16. This is a tough one. True, statistics are a good way to measure the success of a blog, but they can lead you astray too. Let’s say you consider comments to be the measuring stick. If there’s 250 comments on a post but 200 of them are variations of “Great post!” then how do you measure that? If it’s page views and 100 of the 300 are 5 second views, do they still count?

    I actually have given up the race for stats or deciding how “big” a blog is. If the content is good I stick with it.

    Stephanie @ Once Upon a Chapter recently posted: Alexa’s Dec TBR and Reading Goals
    1. Well with regards to the comments one, I think that’s just the difference between a “huge” blog and a “successful” blog. Even if all the comments are thoughtless, I think you can still objectively say the blog is pretty big. Whether or not it’s really successful or promotes discussion or is a “good” blog is another matter. I don’t think the success and value of a blog have anything to do with size at all.

  17. Everyone has mentioned what I think makes a big blog already. My blog doesn’t have a FB fan page. We have a FB group and that is where we get all our comments interaction from. It does well because we allow very little promotion from our members who are authors or bloggers. We post links to our posts, book freebies/deals we find and stuff we think our readers would be interested in.

    We do a lot of tours/spotlights but only for books we know our readers will be interested in. I did a survey a while back and our readers love the spotlights, reveals and such because it is how they find out about new books. We also tend to come up with the topic for guest posters so we know the content will be original and targeted for our readers.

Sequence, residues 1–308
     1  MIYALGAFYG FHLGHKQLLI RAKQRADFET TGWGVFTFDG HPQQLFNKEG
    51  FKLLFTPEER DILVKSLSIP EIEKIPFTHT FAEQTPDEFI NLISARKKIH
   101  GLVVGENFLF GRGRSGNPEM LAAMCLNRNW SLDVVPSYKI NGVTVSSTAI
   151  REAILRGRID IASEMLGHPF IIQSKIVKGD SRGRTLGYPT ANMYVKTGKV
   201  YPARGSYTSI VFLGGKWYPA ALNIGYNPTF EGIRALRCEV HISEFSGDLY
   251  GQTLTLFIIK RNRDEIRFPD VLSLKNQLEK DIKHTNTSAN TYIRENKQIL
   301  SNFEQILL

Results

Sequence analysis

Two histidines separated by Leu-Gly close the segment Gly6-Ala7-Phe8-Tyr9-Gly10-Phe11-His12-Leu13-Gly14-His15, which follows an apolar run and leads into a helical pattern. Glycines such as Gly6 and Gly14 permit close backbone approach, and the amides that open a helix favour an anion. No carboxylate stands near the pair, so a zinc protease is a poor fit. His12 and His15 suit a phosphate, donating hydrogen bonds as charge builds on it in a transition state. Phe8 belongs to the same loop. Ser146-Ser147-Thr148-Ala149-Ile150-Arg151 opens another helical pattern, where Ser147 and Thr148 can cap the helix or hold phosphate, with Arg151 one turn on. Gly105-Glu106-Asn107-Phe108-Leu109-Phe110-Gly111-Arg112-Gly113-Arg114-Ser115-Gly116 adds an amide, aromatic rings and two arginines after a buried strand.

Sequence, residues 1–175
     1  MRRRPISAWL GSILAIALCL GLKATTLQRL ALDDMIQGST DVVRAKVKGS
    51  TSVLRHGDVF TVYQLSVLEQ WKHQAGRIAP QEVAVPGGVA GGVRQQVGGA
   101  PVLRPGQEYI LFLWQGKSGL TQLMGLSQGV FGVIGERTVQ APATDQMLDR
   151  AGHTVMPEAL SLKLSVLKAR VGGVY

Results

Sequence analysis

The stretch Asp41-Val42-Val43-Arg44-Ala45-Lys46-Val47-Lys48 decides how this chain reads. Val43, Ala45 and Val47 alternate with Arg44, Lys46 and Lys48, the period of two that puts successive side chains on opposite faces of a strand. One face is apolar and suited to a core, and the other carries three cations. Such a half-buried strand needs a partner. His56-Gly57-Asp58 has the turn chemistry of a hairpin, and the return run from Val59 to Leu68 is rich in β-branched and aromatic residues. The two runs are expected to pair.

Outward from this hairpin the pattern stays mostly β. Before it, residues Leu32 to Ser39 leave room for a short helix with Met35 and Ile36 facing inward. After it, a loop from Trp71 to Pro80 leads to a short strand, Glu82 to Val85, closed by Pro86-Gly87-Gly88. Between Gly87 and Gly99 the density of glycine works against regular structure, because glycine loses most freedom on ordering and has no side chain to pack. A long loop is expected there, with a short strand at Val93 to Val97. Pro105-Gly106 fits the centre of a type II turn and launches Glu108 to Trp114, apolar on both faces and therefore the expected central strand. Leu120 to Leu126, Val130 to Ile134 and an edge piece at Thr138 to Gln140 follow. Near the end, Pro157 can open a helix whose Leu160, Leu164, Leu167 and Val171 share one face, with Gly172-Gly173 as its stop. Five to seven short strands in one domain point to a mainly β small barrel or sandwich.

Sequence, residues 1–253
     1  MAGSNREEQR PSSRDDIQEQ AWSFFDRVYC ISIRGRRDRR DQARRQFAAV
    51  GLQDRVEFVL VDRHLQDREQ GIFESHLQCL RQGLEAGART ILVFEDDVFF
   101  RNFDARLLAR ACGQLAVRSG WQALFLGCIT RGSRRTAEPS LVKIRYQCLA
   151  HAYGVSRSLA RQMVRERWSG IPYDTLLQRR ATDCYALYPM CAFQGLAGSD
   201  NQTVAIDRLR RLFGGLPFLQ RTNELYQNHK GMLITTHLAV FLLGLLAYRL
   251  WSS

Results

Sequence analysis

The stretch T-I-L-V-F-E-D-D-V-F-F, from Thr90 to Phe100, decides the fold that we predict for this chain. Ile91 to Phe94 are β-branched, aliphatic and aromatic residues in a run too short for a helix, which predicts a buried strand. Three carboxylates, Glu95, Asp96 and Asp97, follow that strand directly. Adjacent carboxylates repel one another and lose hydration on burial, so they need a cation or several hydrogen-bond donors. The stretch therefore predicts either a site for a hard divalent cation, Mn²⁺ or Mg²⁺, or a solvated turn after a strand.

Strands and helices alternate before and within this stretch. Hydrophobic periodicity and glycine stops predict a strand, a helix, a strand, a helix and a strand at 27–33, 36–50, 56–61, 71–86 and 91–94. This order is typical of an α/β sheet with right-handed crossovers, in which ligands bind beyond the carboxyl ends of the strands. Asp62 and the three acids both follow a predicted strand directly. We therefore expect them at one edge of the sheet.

Just found your blog through the Social blogger FB group I’m in ๐Ÿ™‚ Looks like a great place to get information ๐Ÿ™‚ thanks!

    Sharon Stogner recently posted: Sunday Swag: Gods Gone Wild
  18. I would judge a huge book blog based on how many readers/page views it has and also on how well-known it is. That said I don’t really know who the big book bloggers are so I’m probably not qualified to comment! I would love to have thousands of page views per day but if people weren’t interacting with the content then it wouldn’t really be worth it would it?
    I ignore anything to do with Facebook and I don’t use it personally or for my blog. I really don’t think social media followers count towards a blogs size. I have more Twitter followers than Bloglovin followers and I’m pretty sure most of them don’t read my posts!

    Charlotte @ Books and Baby etc. recently posted: MINI REVIEW // Night of Cake and Puppets // Laini Taylor
  19. I completely agree with you! Just because someone has a large Twitter following of a lot of Facebook likes, that doesn’t make their blog popular or successful! I have encountered blogs that have thousands of followers of Twitter, Facebook etc. but barely any actual engagement on their site.
    To me, the stats that count are the email and Bloglovin’ followers to an extent, but mainly the comments on the blog. Though I must say, Twitter especially generates quite some traffic for our blog, even through we don’t have many followers on there.
    As a side note, I nominated you for the Sisterhood of the World Bloggers Award, so if you have the time and the will to, check it out ๐Ÿ™‚ http://bookshelfreflections.com/cait-paper-fury-trying-destroy/#more-2964

    Karolina @ Bookshelf Reflections recently posted: Have you seen the INSURGENT trailer? No? Good!
  20. As a book blogger I have learned not to judge, we all struggle in some way. I look for blogger that have similar likes and dislikes. I want new books and I don’t want to buy something I don’t like, so that is why I follow certain blogs because they have my taste in a book. This is the biggest reason I stated my blog so I could find others with my book interest. So, I can careless about numbers, comments or stats. I care about finding the next book love.

  21. I agree with you; social media reach doesn’t necessarily correlate to blog reach. For instance, my combined social media reach is only just under 5,000 (actually, less than 4,000 now, since I had to create a new Facebook page and went from 1800 to 300 as a result), whereas I was seeing 25,000 unique visitors a month on my blog in December (down to 14,000 now, with no new posts since New Year’s). By social media, I’m a small blog. By unique visitors, I’m doing alright.

    Alena Belleque recently posted: Hello, 2015